Region holds its breath over Kim's succession
Sunday 10 July 1994
The armed forces of South Korea and Japan and US troops in the region were put on alert, though no unusual troop movements were monitored in North Korea. South Korea's President, Kim Young Sam, called an emergency cabinet meeting soon after the announcement of the death. He said people should remain vigilant, but there was no immediate cause for concern.
In the longer term, attention is focused on Kim Jong Il, 52, the son of Kim Il Sung, who for 20 years has been groomed to take over from his father. Dubbed the 'Dear Leader', Kim Jong Il is a mysterious and little-known figure, even by North Korean standards. Associated by some with vicious terrorist attacks against South Korean targets, including the blowing up of half the South Korean cabinet in Rangoon in 1983 and the bombing of an airliner over the Indian Ocean in 1987, Kim is thought to enjoy less than the full support of the military. It is unclear whether he will be able to maintain the same hold on power as his father did for 46 years.
A short man with a shrill voice, Kim Jong Il is given to wearing platform shoes, smoking American cigarettes and watching American films on video.
He has a reputation as a spoilt playboy. He studied in the former East Germany and has made at least one trip to China, but otherwise has little overseas experience, and rarely meets foreign dignitaries.
There seems little doubt that he will take over for the time being. Since the Great Leader's death was announced, the state radio has been mixing revolutionary music and readings from Kim Il Sung with extravagant praise for his son. 'Today, at the forefront of our revolution stands Comrade Kim Jong Il, great successor of the Juche (self-reliance) revolution, brilliant leader of the party and the people, and top commander of revolutionary armed forces,' said Pyongyang radio.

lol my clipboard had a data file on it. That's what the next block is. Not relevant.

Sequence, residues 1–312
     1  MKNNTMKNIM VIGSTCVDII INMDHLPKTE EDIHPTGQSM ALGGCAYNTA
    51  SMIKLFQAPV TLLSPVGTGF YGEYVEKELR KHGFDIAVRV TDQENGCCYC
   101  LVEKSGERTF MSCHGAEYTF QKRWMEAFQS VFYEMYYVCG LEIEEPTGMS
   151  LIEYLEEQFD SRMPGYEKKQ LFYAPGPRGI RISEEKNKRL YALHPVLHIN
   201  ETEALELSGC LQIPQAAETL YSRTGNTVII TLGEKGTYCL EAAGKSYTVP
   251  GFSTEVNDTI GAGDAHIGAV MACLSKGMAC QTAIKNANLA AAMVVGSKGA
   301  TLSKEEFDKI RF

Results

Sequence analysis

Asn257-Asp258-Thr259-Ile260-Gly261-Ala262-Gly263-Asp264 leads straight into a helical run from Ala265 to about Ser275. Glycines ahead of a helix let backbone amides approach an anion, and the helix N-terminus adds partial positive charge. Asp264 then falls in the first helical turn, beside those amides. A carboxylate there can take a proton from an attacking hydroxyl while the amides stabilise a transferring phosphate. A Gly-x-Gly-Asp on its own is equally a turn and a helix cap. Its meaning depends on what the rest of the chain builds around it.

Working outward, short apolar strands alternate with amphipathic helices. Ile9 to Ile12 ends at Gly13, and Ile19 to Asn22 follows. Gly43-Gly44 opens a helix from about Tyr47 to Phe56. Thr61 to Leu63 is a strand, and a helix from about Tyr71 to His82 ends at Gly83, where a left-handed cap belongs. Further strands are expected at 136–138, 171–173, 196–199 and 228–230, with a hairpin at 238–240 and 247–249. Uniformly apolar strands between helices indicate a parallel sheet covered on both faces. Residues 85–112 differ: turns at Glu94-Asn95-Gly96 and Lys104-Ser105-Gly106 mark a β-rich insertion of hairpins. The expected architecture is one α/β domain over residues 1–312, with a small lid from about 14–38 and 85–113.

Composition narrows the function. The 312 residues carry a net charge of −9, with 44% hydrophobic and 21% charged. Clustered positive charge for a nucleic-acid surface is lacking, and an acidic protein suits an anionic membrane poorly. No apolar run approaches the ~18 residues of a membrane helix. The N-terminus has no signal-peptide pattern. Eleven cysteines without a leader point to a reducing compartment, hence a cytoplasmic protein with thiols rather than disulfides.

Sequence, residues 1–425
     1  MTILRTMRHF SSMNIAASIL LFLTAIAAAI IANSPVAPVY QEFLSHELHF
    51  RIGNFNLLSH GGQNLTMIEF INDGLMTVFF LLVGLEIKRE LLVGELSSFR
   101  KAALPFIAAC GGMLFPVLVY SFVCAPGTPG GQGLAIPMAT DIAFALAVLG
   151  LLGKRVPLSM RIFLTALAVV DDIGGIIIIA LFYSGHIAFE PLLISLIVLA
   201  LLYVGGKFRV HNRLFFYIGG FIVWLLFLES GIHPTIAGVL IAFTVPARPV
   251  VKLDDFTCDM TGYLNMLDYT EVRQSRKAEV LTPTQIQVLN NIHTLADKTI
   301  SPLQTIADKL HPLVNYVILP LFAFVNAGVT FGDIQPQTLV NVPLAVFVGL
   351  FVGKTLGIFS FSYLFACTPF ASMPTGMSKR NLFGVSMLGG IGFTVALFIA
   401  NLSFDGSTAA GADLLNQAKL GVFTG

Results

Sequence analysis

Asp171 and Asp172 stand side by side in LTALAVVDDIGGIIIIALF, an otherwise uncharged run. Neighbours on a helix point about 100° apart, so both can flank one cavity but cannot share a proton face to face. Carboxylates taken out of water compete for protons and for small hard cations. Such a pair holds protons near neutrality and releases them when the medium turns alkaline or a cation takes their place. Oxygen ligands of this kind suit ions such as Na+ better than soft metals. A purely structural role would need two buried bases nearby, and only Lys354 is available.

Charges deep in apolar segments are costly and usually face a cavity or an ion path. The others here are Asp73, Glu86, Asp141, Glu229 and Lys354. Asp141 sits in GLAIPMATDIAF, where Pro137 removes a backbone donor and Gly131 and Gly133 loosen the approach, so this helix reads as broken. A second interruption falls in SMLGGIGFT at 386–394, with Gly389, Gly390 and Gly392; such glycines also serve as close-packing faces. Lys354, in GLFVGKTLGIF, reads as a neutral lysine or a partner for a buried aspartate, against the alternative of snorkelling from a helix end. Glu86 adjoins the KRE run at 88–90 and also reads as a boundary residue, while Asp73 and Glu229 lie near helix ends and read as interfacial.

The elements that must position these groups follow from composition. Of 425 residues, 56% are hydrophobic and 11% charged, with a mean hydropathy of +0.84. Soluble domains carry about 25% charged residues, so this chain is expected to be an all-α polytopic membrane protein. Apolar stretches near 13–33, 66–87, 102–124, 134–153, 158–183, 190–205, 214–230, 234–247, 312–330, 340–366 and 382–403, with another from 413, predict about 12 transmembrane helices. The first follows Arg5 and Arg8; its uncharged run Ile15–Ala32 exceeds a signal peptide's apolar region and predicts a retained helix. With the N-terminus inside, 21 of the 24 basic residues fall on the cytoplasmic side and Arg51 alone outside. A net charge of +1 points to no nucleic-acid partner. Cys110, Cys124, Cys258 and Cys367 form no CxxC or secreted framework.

But North Korea watchers argue that if Kim Jong Il's position were secure, there would be no need for the outlandish propaganda which portrays him as a great scientist, philosopher, musician, industrial planner and protector of war orphans. The Chinese have long been opposed to his succession, though they have expressed their disapproval mainly by saying nothing about him.
The North Korean military has also been rumoured to be opposed to the Dear Leader. He has the official rank of marshal, is technically head of the million-strong armed forces, and is regularly cited as a military genius - though he has never actually served a day in the army.
Above all, it is unclear whether it is possible for someone to step into Kim Il Sung's shoes. Everyone in North Korea is ranked according to their level of loyalty to the Great Leader himself. There are three main classes, distinguished by colour-coded lapel badges: the 'core' class of most trusted revolutionaries; the 'wavering' class whose loyalty may be suspect; and the 'hostile' class which has been found to oppose the regime and is subjected to hard labour in work camps.
Now that Kim Il Sung is gone, it will be difficult to replicate the same structure by shifting loyalties onto anyone else, even his son.
But while South Korea worries about the prospect of a power vacuum that could lead to the collapse of the Communist North, with attendant huge reunification costs, the rest of the world is primarily concerned with North Korea's secretive nuclear programme.
Kim Jong Il has taken little part in the diplomatic manoeuvring among Pyongyang, Washington and the International Atomic Energy Agency in Vienna over the past 18 months, and his views on his country's suspected nuclear weapons programme are a mystery.
The talks between the US and North Korea about the nuclear issue, which began in Geneva on Friday, have been suspended. President Clinton has said that, after a period of mourning, he wants to see the talks reconvened.
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